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Jewish Museum Presents 'Shifting the Gaze: Painting and Feminism,' 10/4

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In conjunction with its new exhibition, Shifting the Gaze: Painting and Feminism, The Jewish Museum is presenting two series of related daytime programs. Afternoon gallery talks by artists featured in the exhibition, including Judy Chicago, Deborah Kass, Joyce Kozloff, Robert Kushner, and Mira Schor are scheduled in October and early November. Dr. Nanette Salomon will deliver three lectures on women artists from the Renaissance to the present on October 4, 11 and 18.

For further information regarding programs at The Jewish Museum, the public may call 212.423.3337. Tickets for lectures, film screenings and concerts at The Jewish Museum can now be purchased online at the Museum's Web site, www.thejewishmuseum.org/calendar.

PROGRAM SCHEDULE:

Mondays, October 4, 11, 18, 25; Tuesday, October 5;
Monday, November 1
1 pm
Gallery Talks
SHIFTING THE GAZE: PAINTING AND FEMINISM

Visitors will have the opportunity to hear from artists included in the exhibition, as well as from Shifting the Gaze's curator, Daniel Belasco, Henry J. Leir Associate Curator, The Jewish Museum.

October 4 Joyce Kozloff
October 5 Judy Chicago
October 11 Mira Schor
October 18 Daniel Belasco
October 25 Deborah Kass
November 1 Robert Kushner
FREE with Museum admission

Mondays, October 4, 11, and 18
11:30 am
Daytime Lecture Series
SHIFTING CROSSROADS: FEMINISM, ART, MODERNITY AND DIFFERENCE

In this three-part lecture series, Dr. Nanette Salomon addresses the challenges encountered by women artists from the Renaissance to the modern period. She will consider issues of artistic training, patronage and reception as conditioned by social stereotypes of art and gender.

October 4
The Prequel: Women Painters in Early Modern Europe
This talk will examine the art and critical fortune of Renaissance and Baroque women artists including Catherine van Hemessen, Lavinia Fontana, Judith Leyster and Artemisia Gentileschi.

October 11
Impressionism and the Moment of Modernism; Women, Jews and Other "Others"
A look at the advent of modernism in the art of the Impressionists and the liberating effect of its anti-establishment stance. The art of Mary Cassatt, Berthe Morisot and Camille Pissarro, among others, will be considered.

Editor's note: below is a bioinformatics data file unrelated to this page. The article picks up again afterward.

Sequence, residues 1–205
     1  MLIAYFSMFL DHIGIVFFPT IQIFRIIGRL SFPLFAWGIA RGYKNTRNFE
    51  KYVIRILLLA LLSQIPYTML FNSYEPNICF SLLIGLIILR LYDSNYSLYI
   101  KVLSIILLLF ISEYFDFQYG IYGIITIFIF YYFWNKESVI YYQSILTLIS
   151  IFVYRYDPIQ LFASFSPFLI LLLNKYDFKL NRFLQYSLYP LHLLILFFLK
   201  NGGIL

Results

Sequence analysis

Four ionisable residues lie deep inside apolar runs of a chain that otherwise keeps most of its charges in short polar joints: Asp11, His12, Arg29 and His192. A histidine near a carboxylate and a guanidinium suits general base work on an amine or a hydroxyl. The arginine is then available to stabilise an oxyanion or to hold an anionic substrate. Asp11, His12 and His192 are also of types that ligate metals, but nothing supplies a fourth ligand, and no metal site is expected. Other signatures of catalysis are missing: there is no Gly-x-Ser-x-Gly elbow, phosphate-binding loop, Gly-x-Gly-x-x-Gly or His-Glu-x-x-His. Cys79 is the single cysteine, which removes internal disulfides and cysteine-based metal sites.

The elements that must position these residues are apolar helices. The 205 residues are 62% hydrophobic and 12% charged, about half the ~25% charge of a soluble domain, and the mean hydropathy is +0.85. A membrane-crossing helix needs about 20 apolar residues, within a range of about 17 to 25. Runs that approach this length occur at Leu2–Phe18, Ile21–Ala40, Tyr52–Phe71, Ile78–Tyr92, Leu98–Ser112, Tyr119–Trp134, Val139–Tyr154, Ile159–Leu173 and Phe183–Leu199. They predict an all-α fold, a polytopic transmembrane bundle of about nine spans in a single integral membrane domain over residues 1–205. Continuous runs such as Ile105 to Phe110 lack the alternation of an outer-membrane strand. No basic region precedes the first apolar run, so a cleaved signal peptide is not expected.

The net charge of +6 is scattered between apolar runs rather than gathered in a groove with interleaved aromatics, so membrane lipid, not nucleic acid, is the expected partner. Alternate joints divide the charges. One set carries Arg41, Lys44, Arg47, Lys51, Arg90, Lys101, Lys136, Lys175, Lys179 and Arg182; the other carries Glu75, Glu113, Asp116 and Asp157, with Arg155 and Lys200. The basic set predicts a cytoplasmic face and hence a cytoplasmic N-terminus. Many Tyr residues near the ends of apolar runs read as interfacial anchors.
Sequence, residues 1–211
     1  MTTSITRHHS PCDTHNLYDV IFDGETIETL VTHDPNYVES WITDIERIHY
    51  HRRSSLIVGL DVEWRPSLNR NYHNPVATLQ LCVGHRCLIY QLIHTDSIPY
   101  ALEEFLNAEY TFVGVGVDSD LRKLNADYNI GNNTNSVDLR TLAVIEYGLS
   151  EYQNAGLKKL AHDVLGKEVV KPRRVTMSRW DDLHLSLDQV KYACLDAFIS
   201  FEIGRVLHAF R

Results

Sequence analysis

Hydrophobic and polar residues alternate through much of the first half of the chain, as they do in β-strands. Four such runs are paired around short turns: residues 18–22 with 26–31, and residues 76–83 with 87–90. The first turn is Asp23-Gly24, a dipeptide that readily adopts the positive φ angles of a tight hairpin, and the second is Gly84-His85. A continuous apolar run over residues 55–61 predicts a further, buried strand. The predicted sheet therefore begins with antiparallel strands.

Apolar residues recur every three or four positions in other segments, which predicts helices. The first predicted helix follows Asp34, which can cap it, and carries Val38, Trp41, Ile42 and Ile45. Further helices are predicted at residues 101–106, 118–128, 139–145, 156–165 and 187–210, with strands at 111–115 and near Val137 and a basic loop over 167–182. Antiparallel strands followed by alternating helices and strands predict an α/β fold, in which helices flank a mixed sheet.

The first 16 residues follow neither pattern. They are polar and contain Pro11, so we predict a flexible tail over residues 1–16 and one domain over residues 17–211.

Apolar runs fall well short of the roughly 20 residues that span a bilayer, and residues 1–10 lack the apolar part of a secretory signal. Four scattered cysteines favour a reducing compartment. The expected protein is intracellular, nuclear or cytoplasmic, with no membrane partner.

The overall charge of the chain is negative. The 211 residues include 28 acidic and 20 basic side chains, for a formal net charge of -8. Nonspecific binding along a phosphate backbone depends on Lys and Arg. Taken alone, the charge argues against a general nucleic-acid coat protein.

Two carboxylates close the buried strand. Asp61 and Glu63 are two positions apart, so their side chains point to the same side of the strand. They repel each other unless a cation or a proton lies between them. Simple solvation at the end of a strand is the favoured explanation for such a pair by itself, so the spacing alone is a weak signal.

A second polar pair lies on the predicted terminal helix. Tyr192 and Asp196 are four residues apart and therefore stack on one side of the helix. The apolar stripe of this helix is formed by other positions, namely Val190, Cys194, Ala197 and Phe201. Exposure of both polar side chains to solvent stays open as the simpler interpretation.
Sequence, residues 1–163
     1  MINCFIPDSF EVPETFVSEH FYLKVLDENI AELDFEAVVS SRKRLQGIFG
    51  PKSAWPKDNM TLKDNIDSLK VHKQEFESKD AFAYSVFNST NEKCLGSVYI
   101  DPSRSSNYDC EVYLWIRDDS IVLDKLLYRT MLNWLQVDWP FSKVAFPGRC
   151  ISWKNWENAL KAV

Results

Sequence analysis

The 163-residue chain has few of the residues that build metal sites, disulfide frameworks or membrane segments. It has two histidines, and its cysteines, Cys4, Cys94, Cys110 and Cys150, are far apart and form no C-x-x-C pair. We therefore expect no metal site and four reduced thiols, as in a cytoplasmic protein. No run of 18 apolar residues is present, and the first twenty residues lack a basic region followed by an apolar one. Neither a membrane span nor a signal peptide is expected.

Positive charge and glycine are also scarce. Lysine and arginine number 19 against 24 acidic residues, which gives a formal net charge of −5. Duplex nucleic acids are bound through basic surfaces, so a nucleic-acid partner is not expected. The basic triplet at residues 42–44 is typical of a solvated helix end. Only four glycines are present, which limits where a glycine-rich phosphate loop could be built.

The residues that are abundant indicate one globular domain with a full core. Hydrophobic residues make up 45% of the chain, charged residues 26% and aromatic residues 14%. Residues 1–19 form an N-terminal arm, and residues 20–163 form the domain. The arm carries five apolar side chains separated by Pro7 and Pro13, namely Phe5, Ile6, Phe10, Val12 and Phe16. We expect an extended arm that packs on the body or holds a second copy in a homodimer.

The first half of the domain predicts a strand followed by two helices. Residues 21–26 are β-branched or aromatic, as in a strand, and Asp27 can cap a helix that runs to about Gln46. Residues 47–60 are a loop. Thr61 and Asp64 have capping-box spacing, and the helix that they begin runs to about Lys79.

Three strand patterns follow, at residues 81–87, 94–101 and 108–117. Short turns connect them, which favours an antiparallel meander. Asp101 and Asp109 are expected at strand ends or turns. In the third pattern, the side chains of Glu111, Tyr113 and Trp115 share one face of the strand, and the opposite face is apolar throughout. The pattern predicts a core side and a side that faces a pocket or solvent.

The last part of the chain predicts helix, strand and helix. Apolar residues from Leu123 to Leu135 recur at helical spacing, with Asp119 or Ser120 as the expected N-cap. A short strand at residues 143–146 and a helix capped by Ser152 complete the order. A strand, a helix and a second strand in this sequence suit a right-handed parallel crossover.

October 18
Women Painters and The Jewish Museum 2010
An exploration of feminist artists from the 1950s to the present currently on view in Shifting the Gaze: Painting and Feminism. The lecture will focus on defining the connections between the art of feminist pioneers such as Lee Krasner, Judy Chicago and Miriam Schapiro and contemporary women artists working today.

Dr. Nanette Salomon is a professor of art history in the Performing and Creative Arts department of the College of Staten Island, CUNY, and curator of the College's Art Gallery.

Tickets: $40 entire series; $18 single lecture

Feminist challenges to creative and institutional limits have been widely influential in art since the 1960s, with the emergence of the women's art movement in the United States. In Shifting the Gaze: Painting and Feminism, The Jewish Museum is presenting an exhibition exploring the impact of feminism on contemporary painting. Taking the visitor through a half-century of painting, the exhibition focuses on art at the crossroads of societal shift and individual expression. Shifting the Gaze places feminist art in a larger context exploring its roots in Abstract Expressionism, Pop and Minimalism, and extending to the present, when feminist impulses remain vital in recent works targeting the representation of women in popular culture. The exhibition, with over 30 paintings and several sculptures and decorative objects, is largely drawn from The Jewish Museum's collection and also includes select loans. Works by 27 artists such as Judy Chicago, Louise Fishman, Leon Golub, Eva Hesse, Deborah Kass, Lee Krasner, Louise Nevelson, Elaine Reichek, Miriam Schapiro, Joan Snyder, Nancy Spero, and Hannah Wilke, among others, are arranged thematically. Eight works in Shifting the Gaze have been acquired over the last three years.
An infrared assistive listening system for the hearing impaired is available for programs in the Museum's S. H. and Helen R. Scheuer Auditorium.

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